In my recent roster projection, I noted that Jacob Peterson is an interesting player to watch. With his high upside and offensive potential, I believed he would have the edge over players like Joel Kiviranta. Two days before opening night, however, Peterson looks to be the odd man out in the forward group. The reason: his performance in camp was below the expectations of the coaching staff.
“I think he had a real average camp,” Head Coach Pete DeBoer said. “I liked what I saw in Game 7 against Calgary, I thought he gave some spark. I thought he had an average camp and he admitted that.”
For Peterson, his role is still largely unknown. He had a successful first season after learning to play on the smaller North American ice and faced higher expectations coming into this season. Those expectations matched the goals he set for himself this summer. It all seems to boil down to one thing: consistency.
“Being able to play every night is the first step for me,” Peterson said. “Playing a lot, playing more than those minutes I had last year, I didn’t play a lot every game so I want to play more consistent during the season.”
“I want to play as much as possible, I want to help the team as much as I can, I want to score goals,” he added. “Create offensively and be reliable defensively too to play in both ends, then the coaches can trust me. Feeling okay so far, I have more to give but I am feeling good.”
Peterson finished last season with 12 goals and 17 points while playing just over 11 minutes per game (65 games). He showed that he is able to put himself in good spots on the ice and had immediate chemistry with elite passer Alexander Radulov. Now with a bit more depth up front, he will not only need to continue his production, but will also be asked to fill in different roles throughout the season.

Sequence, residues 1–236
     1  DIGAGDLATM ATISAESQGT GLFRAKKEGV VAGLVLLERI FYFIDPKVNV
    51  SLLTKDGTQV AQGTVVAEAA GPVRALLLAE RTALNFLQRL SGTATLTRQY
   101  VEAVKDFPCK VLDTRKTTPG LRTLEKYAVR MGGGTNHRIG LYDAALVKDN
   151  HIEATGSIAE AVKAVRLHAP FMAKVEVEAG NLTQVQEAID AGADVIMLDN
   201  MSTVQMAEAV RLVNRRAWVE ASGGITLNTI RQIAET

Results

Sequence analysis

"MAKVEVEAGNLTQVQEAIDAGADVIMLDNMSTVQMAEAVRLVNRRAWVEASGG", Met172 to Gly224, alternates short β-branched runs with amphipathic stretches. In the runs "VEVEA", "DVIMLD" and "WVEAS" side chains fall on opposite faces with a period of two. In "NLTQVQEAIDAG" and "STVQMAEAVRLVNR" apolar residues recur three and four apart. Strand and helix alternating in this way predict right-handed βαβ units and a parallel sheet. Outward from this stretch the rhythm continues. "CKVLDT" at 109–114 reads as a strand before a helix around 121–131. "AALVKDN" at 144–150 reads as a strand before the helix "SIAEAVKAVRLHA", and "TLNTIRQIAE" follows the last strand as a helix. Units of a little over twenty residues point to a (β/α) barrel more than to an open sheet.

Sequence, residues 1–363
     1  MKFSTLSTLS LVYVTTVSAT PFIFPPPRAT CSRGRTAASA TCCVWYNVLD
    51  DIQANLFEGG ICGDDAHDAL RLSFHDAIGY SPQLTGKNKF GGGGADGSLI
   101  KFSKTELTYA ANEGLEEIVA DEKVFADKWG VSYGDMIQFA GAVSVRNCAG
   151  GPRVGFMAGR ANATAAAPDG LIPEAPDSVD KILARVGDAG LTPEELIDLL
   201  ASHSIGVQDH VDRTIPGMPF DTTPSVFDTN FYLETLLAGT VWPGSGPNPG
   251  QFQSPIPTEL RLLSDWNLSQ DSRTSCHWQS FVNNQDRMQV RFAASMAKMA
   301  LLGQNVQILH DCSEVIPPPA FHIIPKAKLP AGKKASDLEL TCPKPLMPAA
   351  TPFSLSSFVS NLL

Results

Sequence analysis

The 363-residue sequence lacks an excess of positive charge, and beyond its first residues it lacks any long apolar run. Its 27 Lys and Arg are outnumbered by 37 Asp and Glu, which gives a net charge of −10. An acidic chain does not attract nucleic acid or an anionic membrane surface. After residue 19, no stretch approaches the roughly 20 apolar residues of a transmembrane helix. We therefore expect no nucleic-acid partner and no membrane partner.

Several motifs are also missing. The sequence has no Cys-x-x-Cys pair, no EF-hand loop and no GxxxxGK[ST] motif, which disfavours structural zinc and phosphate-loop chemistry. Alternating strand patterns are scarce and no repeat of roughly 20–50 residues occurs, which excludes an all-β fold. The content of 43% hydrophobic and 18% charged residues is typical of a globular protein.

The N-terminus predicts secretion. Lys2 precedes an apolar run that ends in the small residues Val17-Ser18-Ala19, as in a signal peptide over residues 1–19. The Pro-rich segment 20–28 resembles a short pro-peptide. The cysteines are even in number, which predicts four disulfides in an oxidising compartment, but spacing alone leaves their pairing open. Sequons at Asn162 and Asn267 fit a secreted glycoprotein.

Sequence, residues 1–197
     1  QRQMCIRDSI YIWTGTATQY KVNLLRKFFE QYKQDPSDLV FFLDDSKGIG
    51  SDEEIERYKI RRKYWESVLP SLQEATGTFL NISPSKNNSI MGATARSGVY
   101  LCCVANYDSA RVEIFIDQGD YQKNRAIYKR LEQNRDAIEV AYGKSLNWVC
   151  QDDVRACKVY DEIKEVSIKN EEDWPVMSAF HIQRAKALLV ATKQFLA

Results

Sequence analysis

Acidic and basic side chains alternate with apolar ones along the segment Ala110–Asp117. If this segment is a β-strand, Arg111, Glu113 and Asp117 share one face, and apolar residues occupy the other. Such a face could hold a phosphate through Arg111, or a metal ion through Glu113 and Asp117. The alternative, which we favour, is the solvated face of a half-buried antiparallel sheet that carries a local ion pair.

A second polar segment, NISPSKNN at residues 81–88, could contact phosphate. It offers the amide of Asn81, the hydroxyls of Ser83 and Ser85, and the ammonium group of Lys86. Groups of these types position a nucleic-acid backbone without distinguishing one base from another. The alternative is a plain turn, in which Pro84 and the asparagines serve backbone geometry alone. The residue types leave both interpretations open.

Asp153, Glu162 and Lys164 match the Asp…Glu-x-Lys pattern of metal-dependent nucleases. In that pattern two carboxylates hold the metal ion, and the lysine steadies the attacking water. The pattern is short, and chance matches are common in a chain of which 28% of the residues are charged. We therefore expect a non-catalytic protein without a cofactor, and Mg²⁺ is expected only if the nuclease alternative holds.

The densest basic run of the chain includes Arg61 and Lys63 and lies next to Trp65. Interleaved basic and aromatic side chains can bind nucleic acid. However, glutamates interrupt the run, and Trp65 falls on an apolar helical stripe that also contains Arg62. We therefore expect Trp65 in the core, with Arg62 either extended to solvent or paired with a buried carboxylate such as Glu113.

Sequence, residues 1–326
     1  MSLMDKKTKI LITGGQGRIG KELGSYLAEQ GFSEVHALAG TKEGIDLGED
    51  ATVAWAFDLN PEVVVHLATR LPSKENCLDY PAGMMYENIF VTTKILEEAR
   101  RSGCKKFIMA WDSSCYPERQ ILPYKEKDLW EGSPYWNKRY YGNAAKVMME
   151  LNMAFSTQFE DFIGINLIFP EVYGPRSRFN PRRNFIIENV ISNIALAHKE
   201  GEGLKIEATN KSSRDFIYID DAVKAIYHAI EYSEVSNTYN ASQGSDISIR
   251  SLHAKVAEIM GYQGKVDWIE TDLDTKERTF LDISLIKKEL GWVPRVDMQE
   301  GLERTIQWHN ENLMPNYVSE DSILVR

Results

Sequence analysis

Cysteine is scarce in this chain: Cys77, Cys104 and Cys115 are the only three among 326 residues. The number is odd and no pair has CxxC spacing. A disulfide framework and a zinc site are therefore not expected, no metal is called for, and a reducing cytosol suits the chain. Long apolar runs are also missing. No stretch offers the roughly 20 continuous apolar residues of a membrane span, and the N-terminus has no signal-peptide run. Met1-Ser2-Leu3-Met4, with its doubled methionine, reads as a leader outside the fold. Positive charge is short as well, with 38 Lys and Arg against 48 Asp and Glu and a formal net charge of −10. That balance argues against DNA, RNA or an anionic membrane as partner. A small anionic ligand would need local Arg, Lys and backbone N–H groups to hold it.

“What did he score 12 goals last year on a team that needs goals? That’s the first thing that jumps out,” DeBoer said. “We need goals. He has a knack for getting in those spots and sticking it in the net, or at least he did it for a year. He’s got to do that again. And then add other layers to your game; some energy, some PK if you’re not on the power play, whatever that is.”
One common theme surrounding Peterson is that he and his coaches know that he has more to give. Fans saw flashes of it in 2021-22 and the ceiling seems to be far higher than his current level of play. The 23-year-old is aware of where he stands and spoke with DeBoer earlier Tuesday about exactly what they need to see from him. Now he needs to show it on the ice, whenever he gets his chance.
“He’s got to find a way to be effective and get those scoring looks on a consistent basis,” DeBoer said. “No one in camp didn’t have opportunity, to play with good players, play on the power play, to show what they could do. He feels he has more to show us. He’s going to get that chance, we are only carrying 13 forwards.”